Whitmer makes campaign stop in Ironwood


Richard Jenkins/Daily Globe

GRETCHEN WHITMER, left, who is running for govenor in 2018, talks to Cheryl and Doug Olsen Wednesday at a campaign event in Ironwood.



Ironwood - Democratic gubernatorial candidate Gretchen Whitmer visited Ironwood Wednesday, part of a swing through the Upper Peninsula as she campaigns for governor in the 2018 election.

Whitmer visited the Daily Globe, after which she attended a Gogebic County Democratic Party event.

"I wanted to make sure people know I'm very concerned about the U.P., and I want to be a voice for everybody in the state," Whitmer said. "So it was important to spend some time in the U.P., early on."

A Michigan native, Whitmer was born in Lansing and grew up in Grand Rapids before returning to Lansing - where she lives now - for college.

She has served in the state legislature for 14 years, including four years as the Democratic leader of the senate. Following being term-limited out, she returned to her work as a lawyer, and began teaching at the University of Michigan.

"I'm someone who really cares about the state of Michigan," Whitmer said. "I love this state, I love the people of this state, and I think we deserve better from our leaders."

She credits being a life-long Michigander for inspiring her to run for Governor.

"I think about the Michigan in which I grew up in," Whitmer said. "We used to be leaders in education, where our K-12 schools were the finest in the country. People could afford to go to these great universities that we have throughout the state of Michigan. You could get a good job, and pay your bills, and raise a family in Michigan. I see all three of those things as not as accessible as they were.

"We can't move Michigan forward if we have so many people struggling just to get by."

This is why Whitmer is making education a focus of her campaign.

"Education and economic development go hand-in-hand," she said. "If we're going to ensure people have careers they can survive on, they can thrive in, that they can raise their families in; it starts with ensuring we have the skills necessary - and I think that starts with education."

Whitmer said she is a "huge proponent" of universal early childhood education, and also advocates skills training for those who don't pursue a two- or four-year degree.

Whitmer is also fed up with many of the state's leaders and their failure to serve the people.

"I'm so frustrated with leaders that don't tell the truth," Whitmer said. "I think that's something we deserve - someone who is going to level with us and just be very plain about the challenges we face and come up with some honest solutions to them."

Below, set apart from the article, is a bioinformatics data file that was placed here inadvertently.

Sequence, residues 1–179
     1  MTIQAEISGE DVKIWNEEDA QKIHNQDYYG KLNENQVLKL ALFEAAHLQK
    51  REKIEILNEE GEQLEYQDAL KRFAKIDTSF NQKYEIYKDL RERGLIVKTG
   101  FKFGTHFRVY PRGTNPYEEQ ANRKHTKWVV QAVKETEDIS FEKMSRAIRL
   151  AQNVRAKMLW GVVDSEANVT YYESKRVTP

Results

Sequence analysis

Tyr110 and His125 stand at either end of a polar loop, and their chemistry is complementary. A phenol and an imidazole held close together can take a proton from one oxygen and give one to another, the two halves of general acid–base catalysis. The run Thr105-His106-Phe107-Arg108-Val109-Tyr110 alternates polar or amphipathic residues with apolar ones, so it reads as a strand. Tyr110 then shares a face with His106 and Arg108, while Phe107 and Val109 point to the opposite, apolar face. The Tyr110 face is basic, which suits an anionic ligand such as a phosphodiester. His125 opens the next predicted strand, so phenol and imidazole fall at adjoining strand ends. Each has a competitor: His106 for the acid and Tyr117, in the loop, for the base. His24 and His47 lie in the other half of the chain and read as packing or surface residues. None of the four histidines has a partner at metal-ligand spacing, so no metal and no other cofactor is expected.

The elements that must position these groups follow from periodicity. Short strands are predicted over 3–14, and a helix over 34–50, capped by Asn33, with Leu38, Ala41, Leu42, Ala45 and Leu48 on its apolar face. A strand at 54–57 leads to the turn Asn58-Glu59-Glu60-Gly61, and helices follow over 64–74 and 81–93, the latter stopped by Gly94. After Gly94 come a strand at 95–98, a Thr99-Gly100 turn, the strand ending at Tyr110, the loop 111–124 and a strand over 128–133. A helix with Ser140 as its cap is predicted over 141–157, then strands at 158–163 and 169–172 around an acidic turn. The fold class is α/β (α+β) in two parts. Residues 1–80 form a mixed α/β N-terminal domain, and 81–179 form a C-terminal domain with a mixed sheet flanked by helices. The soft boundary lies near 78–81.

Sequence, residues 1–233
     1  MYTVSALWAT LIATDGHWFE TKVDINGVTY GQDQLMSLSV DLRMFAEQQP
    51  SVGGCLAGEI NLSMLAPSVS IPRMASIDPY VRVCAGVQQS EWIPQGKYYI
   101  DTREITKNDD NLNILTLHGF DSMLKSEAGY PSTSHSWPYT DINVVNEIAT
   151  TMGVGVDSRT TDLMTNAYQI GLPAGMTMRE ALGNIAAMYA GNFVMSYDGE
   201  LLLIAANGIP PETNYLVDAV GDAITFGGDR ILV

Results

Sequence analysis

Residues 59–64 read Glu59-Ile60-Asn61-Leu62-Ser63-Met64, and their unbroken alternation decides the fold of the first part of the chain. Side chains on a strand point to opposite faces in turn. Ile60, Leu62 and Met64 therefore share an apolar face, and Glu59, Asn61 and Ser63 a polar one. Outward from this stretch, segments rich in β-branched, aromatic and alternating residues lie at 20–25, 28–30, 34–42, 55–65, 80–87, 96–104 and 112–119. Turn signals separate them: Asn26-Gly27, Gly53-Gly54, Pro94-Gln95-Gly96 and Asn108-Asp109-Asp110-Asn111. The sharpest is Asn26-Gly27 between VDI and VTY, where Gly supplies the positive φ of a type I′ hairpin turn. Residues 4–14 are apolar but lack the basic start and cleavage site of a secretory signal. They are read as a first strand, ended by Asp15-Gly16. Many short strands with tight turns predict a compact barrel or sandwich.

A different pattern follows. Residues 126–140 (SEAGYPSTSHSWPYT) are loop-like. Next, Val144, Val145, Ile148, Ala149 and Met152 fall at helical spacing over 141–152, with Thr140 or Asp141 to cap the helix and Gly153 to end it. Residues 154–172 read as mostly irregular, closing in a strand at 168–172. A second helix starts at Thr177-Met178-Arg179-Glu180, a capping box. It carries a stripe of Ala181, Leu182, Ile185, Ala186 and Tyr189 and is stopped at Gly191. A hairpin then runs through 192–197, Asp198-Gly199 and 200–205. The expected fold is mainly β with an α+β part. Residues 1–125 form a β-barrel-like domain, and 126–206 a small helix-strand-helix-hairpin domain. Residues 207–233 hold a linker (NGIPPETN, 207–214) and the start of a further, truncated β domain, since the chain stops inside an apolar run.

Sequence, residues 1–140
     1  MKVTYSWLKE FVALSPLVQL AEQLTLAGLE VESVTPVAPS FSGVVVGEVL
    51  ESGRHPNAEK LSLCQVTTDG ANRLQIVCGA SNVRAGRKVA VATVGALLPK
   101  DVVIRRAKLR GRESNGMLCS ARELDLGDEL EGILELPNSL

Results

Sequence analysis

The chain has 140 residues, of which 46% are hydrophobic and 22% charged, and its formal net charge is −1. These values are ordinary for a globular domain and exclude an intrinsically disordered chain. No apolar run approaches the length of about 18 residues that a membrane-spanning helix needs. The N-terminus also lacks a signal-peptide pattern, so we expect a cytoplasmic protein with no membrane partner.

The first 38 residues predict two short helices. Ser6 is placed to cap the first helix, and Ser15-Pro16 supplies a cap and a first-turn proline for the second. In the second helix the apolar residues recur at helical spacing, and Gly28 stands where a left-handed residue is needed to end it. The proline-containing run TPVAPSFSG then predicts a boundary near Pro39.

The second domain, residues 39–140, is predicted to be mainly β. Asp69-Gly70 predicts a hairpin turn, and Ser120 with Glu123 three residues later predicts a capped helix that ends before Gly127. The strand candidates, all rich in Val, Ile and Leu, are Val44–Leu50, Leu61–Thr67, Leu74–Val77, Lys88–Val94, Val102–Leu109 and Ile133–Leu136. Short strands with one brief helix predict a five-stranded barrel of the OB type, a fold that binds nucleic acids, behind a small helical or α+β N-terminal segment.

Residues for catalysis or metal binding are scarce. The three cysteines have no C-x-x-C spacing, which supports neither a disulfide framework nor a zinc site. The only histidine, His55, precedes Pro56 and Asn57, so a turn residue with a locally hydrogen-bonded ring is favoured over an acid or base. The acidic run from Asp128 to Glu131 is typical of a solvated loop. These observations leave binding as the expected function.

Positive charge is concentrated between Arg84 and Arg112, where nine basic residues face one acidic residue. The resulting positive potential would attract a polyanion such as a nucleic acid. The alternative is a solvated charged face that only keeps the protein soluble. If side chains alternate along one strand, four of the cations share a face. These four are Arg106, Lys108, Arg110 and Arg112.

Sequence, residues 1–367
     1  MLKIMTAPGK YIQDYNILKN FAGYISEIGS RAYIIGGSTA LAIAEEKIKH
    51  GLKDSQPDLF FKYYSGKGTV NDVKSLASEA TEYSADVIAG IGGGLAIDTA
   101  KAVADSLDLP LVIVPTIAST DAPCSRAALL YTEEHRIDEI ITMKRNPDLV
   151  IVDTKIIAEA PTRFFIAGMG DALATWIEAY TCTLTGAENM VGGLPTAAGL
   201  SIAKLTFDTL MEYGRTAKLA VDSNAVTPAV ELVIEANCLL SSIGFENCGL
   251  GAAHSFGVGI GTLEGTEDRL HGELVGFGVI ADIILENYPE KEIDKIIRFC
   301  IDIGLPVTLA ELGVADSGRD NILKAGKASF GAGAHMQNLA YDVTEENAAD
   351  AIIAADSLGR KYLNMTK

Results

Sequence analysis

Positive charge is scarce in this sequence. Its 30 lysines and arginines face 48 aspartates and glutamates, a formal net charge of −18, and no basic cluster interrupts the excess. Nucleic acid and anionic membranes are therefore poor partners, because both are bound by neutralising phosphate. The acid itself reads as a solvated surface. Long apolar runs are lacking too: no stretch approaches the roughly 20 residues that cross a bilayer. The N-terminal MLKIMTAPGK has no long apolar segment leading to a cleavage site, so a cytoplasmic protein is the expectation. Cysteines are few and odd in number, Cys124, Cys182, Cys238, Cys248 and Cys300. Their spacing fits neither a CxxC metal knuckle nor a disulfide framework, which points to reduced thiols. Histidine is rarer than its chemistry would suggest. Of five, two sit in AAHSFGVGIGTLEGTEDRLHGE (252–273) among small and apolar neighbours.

Whitmer said the 2016 election and Donald Trump's win showed the importance of "not taking anyone for granted.

"We have to engage with people, that's why I got into this race as early as I did. I think not only does the Democratic Party need to be rebuilt, the state of Michigan needs to be rebuilt in a lot of fundamental, important ways," she said.

Voter dissatisfaction may be one reason Trump and Sanders carried Michigan in the 2016, Whitmer said.

"I suspect a lot people who voted for Bernie Sanders, and a lot of people who voted for Donald Trump, were so frustrated that they didn't feel their leaders were looking out for them they wanted to go in a bold, new direction," she said. "I get that. I share that frustration, and that's really what's pushed me into (running) ... I can't sit by and watch these leaders, who do political dancing and don't solve problems, anymore. We deserve better."

Surprisingly, despite the loss, Whitmer feels the 2016 election has galvanized local Democrats.

"Every event we've gone to, there have been bigger crowds than we anticipated and than we were prepped for - which is a great problem to have," Whitmer said.

Whitmer realizes the state's rural voters traditionally aren't Democrats, which is why she said she has started her campaign so early. With Gov. Rick Snyder prevented for seeking another term due to term limits, Whitmer is one of the first to enter the race.

"I think half the job is showing up, and that's why I'm here. That's why I'm going to spend the better of the next two years traveling the state and engaging with people," Whitmer said. "And I'm going to listen. I'm going to ask questions so I'm better prepared to be a voice for the people of this state. Our leaders have been putting politics, or putting corporate interests, ahead of the people for too long and we can't move this state forward if we continue to do that."

While voters around the state have brought up issues like the economy and importance of eduction, Whitmer said there are some issues that are specific to U.P., voters - such as the need for increased broadband service.

She used the example of a realtor in St. Ignace who couldn't close a deal to relocate a business - which Whitmer said was expected to produce 50 jobs at roughly $50,000-a-year - to the state due to the lack of broadband availability.

"That's a quality of life issue," she said. "You can have all the land in the world and the beauty, but if you're not able to get your business connected you can't locate there."

Following her stop in Ironwood, Whitmer will continue to Houghton and Marquette - visiting 11 out of 15 counties above the bridge by the time the trip is complete.

Having visited the Gogebic Range before, Whitmer said she is a big fan of Marty's Goldenaires - having even arranged to have the group play at the state capitol. Whitmer joked if she wins, the group may make a second appearance in Lansing.

"Wouldn't that be great, have a U.P. band play at the inauguration. We know they're tough enough to play in the winter," she said laughing.


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